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usermod


SYNOPSIS

       usermod [options] LOGIN


DESCRIPTION

       The usermod command modifies the system account files to reflect the
       changes that are specified on the command line.


OPTIONS

       The options which apply to the usermod command are:

       -a, --append
           Add the user to the supplementary group(s). Use only with the -G
           option.

       -c, --comment COMMENT
           The new value of the user's password file comment field. It is
           normally modified using the chfn(1) utility.

       -d, --home HOME_DIR
           The user's new login directory.

           If the -m option is given, the contents of the current home
           directory will be moved to the new home directory, which is created
           if it does not already exist. If the current home directory does
           not exist the new home directory will not be created.

       -e, --expiredate EXPIRE_DATE
           The date on which the user account will be disabled. The date is
           specified in the format YYYY-MM-DD.

           An empty EXPIRE_DATE argument will disable the expiration of the
           account.

           This option requires a /etc/shadow file. A /etc/shadow entry will
           be created if there were none.

       -f, --inactive INACTIVE
           The number of days after a password expires until the account is
           permanently disabled.

           A value of 0 disables the account as soon as the password has
           expired, and a value of -1 disables the feature.

           This option requires a /etc/shadow file. A /etc/shadow entry will
           be created if there were none.

       -g, --gid GROUP
           The group name or number of the user's new initial login group. The
           group must exist.

           Any file from the user's home directory owned by the previous
           primary group of the user will be owned by this new group.

           If the user is currently a member of a group which is not listed,
           the user will be removed from the group. This behaviour can be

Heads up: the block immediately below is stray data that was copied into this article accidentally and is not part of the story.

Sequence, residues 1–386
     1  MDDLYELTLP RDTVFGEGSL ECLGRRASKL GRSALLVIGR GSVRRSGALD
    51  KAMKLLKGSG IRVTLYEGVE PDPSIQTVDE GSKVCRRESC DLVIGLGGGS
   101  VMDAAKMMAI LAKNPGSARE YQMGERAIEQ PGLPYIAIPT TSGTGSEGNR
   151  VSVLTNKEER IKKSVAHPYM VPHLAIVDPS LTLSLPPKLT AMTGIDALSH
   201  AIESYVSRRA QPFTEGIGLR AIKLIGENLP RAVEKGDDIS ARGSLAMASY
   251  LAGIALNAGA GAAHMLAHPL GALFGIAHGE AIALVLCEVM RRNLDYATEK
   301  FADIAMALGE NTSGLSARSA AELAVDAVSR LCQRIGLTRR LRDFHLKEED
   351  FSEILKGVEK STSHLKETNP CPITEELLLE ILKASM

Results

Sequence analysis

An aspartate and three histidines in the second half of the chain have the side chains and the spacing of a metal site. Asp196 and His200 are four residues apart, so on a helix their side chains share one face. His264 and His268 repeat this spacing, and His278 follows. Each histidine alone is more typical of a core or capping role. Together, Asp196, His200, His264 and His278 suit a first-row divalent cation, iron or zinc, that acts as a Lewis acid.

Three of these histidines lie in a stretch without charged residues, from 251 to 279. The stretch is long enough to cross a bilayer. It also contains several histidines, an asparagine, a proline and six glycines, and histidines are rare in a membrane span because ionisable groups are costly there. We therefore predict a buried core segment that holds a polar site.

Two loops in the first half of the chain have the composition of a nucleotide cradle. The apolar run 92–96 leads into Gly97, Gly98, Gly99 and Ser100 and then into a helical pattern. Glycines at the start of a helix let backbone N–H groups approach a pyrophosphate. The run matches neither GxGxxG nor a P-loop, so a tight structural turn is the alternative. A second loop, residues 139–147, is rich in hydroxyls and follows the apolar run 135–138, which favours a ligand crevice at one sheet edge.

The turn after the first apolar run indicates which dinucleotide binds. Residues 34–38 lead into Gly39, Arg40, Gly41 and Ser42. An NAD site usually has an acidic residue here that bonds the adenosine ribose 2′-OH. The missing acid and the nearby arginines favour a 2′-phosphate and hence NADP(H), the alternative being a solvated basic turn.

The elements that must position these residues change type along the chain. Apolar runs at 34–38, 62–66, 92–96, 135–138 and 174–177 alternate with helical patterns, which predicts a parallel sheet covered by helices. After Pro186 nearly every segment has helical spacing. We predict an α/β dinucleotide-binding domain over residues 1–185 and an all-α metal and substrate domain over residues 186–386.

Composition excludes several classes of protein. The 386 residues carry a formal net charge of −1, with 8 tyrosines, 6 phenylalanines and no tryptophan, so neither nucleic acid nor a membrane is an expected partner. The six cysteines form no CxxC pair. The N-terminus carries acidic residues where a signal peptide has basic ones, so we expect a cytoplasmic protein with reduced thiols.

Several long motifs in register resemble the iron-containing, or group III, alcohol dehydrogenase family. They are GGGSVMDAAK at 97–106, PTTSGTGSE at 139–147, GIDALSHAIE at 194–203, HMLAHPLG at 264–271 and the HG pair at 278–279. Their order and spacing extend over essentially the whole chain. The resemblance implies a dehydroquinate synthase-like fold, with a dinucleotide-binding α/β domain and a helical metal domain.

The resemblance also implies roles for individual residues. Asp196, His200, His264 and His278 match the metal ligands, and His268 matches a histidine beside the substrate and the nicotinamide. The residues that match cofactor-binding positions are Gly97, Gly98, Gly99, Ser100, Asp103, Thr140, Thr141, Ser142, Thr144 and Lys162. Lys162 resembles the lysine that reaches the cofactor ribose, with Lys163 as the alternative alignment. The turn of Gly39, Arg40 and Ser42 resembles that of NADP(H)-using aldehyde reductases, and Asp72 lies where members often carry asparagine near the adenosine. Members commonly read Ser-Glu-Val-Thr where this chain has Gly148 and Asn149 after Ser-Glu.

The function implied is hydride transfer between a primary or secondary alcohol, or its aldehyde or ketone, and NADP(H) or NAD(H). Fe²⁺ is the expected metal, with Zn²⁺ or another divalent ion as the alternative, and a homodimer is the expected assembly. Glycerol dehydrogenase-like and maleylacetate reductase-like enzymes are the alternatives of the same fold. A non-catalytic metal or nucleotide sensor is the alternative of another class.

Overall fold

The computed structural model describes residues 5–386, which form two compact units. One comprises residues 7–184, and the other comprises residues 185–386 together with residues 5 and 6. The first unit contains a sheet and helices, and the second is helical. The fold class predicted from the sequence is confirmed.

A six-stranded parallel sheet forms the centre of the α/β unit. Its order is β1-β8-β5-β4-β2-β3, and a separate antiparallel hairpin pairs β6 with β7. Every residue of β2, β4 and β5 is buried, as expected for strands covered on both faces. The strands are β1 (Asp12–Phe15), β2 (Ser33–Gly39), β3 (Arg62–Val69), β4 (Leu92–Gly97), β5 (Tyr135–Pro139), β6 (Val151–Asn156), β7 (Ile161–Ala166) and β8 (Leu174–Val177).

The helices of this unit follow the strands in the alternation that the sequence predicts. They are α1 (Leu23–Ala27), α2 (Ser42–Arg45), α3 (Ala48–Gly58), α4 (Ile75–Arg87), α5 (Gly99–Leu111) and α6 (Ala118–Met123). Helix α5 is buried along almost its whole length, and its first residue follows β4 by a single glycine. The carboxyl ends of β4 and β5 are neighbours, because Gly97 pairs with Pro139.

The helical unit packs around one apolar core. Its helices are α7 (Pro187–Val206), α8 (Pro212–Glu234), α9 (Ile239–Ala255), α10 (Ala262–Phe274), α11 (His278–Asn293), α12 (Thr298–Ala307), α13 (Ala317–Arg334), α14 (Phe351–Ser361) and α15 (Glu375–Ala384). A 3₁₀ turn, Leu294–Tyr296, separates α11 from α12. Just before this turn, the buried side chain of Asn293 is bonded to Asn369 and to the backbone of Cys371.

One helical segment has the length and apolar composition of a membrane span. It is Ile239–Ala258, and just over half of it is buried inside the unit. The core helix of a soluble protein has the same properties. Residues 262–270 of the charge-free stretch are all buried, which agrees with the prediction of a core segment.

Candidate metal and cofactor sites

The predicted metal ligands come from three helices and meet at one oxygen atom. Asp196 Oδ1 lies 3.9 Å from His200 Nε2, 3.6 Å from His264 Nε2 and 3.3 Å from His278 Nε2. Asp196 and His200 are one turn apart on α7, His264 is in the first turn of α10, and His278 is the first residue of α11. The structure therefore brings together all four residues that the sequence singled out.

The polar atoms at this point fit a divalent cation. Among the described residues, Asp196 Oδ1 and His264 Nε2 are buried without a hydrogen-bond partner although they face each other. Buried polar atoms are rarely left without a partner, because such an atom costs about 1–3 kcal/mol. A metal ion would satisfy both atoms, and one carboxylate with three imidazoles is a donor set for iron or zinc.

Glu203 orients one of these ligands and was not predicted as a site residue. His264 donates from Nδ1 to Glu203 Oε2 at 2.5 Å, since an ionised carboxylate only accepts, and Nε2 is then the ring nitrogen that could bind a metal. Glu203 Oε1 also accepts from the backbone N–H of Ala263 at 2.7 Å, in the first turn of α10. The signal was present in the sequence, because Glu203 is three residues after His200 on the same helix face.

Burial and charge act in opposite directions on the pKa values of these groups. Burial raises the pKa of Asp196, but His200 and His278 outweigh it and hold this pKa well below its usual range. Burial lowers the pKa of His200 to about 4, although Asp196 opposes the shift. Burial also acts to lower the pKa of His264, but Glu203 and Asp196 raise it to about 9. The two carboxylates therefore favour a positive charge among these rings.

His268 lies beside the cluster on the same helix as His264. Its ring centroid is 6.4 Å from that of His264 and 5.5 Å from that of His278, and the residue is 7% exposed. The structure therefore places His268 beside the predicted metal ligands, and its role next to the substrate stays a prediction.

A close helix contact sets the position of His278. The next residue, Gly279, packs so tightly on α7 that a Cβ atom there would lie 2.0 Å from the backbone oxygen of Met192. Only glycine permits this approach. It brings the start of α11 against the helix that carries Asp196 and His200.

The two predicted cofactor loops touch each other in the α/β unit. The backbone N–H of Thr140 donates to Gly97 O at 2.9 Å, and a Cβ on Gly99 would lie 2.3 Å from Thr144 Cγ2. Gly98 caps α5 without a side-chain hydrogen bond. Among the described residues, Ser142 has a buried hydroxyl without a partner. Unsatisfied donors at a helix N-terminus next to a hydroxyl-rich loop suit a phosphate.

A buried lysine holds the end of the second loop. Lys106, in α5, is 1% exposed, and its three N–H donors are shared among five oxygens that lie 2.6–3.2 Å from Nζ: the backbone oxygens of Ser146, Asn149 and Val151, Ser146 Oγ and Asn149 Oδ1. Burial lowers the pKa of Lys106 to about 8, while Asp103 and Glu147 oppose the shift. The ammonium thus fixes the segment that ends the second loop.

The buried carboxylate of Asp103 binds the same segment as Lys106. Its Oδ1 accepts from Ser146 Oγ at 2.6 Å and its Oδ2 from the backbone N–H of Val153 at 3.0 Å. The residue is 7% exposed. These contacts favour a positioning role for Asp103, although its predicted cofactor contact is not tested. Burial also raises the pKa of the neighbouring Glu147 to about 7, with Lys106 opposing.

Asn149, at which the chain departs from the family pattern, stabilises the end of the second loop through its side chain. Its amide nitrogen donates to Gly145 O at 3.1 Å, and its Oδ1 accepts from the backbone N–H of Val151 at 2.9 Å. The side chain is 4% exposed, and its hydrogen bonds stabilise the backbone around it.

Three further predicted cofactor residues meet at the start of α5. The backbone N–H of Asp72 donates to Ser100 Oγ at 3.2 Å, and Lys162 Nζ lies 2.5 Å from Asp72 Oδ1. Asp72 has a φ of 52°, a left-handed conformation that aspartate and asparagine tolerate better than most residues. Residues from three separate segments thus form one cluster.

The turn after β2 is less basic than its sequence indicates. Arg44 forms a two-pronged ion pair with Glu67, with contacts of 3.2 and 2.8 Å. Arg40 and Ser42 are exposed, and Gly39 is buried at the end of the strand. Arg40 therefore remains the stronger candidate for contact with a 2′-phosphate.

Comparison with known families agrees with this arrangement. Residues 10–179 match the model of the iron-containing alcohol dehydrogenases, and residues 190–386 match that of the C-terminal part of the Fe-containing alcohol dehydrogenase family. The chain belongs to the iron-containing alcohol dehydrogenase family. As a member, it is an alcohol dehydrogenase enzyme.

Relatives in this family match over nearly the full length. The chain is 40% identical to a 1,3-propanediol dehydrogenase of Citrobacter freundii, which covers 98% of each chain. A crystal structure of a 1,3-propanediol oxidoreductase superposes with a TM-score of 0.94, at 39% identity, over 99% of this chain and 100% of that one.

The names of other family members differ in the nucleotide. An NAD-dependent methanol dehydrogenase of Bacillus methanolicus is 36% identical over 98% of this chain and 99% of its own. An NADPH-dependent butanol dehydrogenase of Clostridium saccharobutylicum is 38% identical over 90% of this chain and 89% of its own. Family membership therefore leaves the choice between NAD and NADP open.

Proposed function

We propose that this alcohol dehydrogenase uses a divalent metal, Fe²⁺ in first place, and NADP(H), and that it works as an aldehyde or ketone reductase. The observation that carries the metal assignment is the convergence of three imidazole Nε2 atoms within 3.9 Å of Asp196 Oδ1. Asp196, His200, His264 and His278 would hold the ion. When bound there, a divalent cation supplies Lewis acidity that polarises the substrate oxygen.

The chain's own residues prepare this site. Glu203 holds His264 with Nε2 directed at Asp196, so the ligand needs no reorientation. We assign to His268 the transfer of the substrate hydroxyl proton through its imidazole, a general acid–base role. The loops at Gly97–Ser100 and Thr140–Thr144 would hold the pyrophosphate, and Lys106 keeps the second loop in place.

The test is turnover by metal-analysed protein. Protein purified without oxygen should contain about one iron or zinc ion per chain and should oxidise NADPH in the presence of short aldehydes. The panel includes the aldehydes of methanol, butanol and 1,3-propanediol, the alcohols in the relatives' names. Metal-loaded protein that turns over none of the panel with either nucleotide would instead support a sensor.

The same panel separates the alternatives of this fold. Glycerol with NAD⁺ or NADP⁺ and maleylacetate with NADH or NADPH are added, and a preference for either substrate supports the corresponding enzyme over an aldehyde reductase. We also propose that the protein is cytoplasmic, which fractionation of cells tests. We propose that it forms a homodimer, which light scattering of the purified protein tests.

changed via the -a option, which appends the user to the current
           supplementary group list.

       -l, --login NEW_LOGIN
           The name of the user will be changed from LOGIN to NEW_LOGIN.
           Nothing else is changed. In particular, the user's home directory
           or mail spool should probably be renamed manually to reflect the
           new login name.

       -L, --lock
           Lock a user's password. This puts a '!' in front of the encrypted
           password, effectively disabling the password. You can't use this
           option with -p or -U.

           Note: if you wish to lock the account (not only access with a
           password), you should also set the EXPIRE_DATE to 1.

       -m, --move-home
           Move the content of the user's home directory to the new location.
           If the current home directory does not exist the new home directory
           will not be created.

           This option is only valid in combination with the -d (or --home)
           option.

           usermod will try to adapt the ownership of the files and to copy
           the modes, ACL and extended attributes, but manual changes might be
           needed afterwards.

       -o, --non-unique
           When used with the -u option, this option allows to change the user
           ID to a non-unique value.

       -p, --password PASSWORD
           The encrypted password, as returned by crypt(3).